Photo: © IhorL /

Bye, bye oil, hello peace & democracy

We can get rid of oil, is the chief message of a new AirClim report, Phasing out oil. Many of the methods and policies were in fact devised in 1974, and many have been added since.

The report "Phasing out oil" was written just before the Russian invasion of Ukraine. The following events made it even more topical.

Oil emitted about 12.5 billion tonnes of CO2 in 2021, of a total of 39.7 billion tonnes from fossil fuels, cement and deforestation. It is a big part of the global warming problem.

Oil is now recognised as a problem in other respects as well, not just for the climate and air pollution. Oil dependence became a big issue during the oil crises in 1973 and 1979, and yet again in the early 2010s because of wars in Syria, Iraq, Yemen and Libya.

Over and over again, for more than a century, oil has destabilised the economy through price booms and busts, destabilised democracy, propped up dictators, caused wars and funded wars. Peak Oil, a situation when the world to pump up enough oil to meet the demand, has been yet another menace.

There have been many reasons to kick the habit.

But the oil lobby is strong. Some of its constituents are the oil-producing companies, the “downstream” suppliers, i.e. refiners and service station chains, governments of oil-producing countries, automotive manufacturers and their governments.

Big Oil has gone to battle every day against every effort to limit its power, with an almost infinite budget for lobbying and PR, and it has won most of its battles.

At the 1992 Rio Conference, when the Climate Convention was first negotiated, former oil man president H. W. Bush famously quipped that the “The American way of life is not up for negotiations. Period.”

The report argues that he was factually wrong. “Our lifestyles are up for negotiation all the time. Lifestyles change for all kinds of reasons.” One of the changes comes from technology. “Technology is sometimes lifestyle-neutral. A hybrid car uses less petrol than an equivalent car without a hybrid system, but the driving experience is not very different. Even a battery car is not so different. For consumers, electricity from solar or wind is the same as electricity from fossil fuels. The light from a LED lamp is much the same as that from an incandescent.”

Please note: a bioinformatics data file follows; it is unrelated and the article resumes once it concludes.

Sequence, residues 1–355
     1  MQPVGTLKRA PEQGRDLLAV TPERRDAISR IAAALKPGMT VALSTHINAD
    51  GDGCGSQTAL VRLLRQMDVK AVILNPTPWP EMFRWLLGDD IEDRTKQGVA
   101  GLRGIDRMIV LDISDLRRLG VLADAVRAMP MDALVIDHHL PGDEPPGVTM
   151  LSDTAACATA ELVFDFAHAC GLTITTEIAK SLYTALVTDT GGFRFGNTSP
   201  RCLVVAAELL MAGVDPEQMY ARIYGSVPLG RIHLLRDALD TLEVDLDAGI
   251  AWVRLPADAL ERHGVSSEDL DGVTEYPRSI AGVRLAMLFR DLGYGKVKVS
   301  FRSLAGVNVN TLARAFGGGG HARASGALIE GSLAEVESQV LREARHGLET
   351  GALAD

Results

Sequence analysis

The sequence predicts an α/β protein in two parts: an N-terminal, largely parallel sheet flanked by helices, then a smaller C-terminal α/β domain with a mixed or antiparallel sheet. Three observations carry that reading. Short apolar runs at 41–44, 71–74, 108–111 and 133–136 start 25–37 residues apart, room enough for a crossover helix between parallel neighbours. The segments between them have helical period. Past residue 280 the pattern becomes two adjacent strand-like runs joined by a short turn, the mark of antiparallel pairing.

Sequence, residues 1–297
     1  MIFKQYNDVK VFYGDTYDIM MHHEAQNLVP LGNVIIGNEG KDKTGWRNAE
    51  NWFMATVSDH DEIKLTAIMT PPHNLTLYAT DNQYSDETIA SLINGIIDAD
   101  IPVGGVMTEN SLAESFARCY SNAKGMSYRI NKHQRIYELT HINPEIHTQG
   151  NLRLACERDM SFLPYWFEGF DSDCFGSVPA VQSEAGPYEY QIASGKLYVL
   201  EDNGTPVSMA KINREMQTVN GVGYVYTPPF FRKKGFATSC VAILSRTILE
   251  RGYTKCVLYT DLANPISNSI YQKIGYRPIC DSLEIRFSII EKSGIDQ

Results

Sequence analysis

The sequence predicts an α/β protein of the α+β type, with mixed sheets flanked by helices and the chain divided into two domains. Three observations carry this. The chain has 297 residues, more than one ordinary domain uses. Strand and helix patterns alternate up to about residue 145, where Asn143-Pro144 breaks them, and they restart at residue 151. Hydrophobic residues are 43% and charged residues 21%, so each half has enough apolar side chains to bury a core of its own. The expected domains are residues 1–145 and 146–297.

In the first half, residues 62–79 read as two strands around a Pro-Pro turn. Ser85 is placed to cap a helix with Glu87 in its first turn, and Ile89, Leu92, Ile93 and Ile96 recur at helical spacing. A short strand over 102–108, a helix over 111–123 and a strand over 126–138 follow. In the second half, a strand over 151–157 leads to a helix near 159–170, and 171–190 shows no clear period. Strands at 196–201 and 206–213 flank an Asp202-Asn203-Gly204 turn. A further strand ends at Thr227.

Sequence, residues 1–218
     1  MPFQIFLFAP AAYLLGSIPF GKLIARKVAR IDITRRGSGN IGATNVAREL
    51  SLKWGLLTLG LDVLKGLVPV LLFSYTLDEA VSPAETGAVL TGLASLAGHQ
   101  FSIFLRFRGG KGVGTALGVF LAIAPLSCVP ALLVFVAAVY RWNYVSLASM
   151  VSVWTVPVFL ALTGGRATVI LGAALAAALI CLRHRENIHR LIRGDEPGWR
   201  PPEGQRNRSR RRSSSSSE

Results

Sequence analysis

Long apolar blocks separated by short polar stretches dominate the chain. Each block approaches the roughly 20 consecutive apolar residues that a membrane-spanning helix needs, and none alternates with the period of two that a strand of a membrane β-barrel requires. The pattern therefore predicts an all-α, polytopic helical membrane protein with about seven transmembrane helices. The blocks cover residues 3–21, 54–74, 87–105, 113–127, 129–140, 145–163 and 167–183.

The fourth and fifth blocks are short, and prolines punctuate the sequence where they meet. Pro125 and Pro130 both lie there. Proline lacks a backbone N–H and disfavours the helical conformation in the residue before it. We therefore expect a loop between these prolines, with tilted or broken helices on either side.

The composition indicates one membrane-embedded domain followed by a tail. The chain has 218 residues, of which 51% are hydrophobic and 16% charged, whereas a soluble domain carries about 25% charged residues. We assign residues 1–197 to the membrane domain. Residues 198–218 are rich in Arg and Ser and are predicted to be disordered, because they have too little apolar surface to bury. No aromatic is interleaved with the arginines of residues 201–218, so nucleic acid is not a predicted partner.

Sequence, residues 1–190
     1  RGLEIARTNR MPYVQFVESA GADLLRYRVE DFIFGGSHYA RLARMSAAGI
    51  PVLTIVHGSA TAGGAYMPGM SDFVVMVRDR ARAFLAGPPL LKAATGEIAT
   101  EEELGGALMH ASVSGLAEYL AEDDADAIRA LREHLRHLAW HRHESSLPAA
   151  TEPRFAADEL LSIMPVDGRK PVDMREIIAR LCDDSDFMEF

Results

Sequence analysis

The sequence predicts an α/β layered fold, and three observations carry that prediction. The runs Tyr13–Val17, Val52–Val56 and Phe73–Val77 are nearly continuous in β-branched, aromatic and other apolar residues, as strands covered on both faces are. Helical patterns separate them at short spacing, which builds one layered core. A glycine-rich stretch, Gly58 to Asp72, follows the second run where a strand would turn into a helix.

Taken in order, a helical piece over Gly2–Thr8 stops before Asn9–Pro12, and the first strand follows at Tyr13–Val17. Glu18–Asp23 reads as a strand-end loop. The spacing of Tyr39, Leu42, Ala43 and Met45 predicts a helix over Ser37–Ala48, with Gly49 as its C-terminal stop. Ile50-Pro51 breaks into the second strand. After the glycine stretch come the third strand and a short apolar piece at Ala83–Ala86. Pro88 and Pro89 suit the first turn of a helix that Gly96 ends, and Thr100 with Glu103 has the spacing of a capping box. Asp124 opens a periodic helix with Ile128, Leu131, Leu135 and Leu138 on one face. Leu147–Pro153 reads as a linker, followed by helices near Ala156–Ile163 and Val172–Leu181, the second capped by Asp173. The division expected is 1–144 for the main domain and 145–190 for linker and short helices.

Using less oil must, accordingly, not be a sacrifice. But it serves the oil industry well to say it must.

In 2019, the report says, the majority of oil (66 per cent) was used for transport: road transport (48%) air transport (9%) and sea transport (9%) in the EU.
We have known for more 50 years that oil consumption can be cut with other modes of transportation and less transport. After the oil crises of the 1970s we got much more efficient cars.

In later years we have seen battery cars take off, with hydrogen from renewable electricity as a complement in the near future.

Vehicle emissions are a problem for which a solution already exists, technologically and economically.

15 per cent of EU households and 8 per cent of offices are heated by oil. That can be cut through better insulation – which should have been implemented 30–40 years ago – and eliminated through heat pumps or district heating.

Oil use to generate electricity has been reduced by 80 per cent since 1998. What remains could be replaced with renewables and efficiency, “which should not be very difficult”, according to the report.

Much oil is used to make plastics. Most of it ends up either as landfill or is incinerated. With better organisation most could be reduced, re-used and recycled, so much less oil would be needed.

Should oil be cut from the supply side or the demand side? Do both, says the report. It is important to stop financing, to stop subsidies for use, to tax use etc and to support emerging technologies.

This clearly can create problems.  

A “policy of subsidising battery cars for the rich and financing them with higher petrol prices for the poor is arrogant, stupid and dangerous, as the emergence of the Gilets Jaunes demonstrated in France”, says the report: A fast transition is possible, but it has to be just, or it will not happen.

Fredrik Lundberg

The report can be downloaded at:

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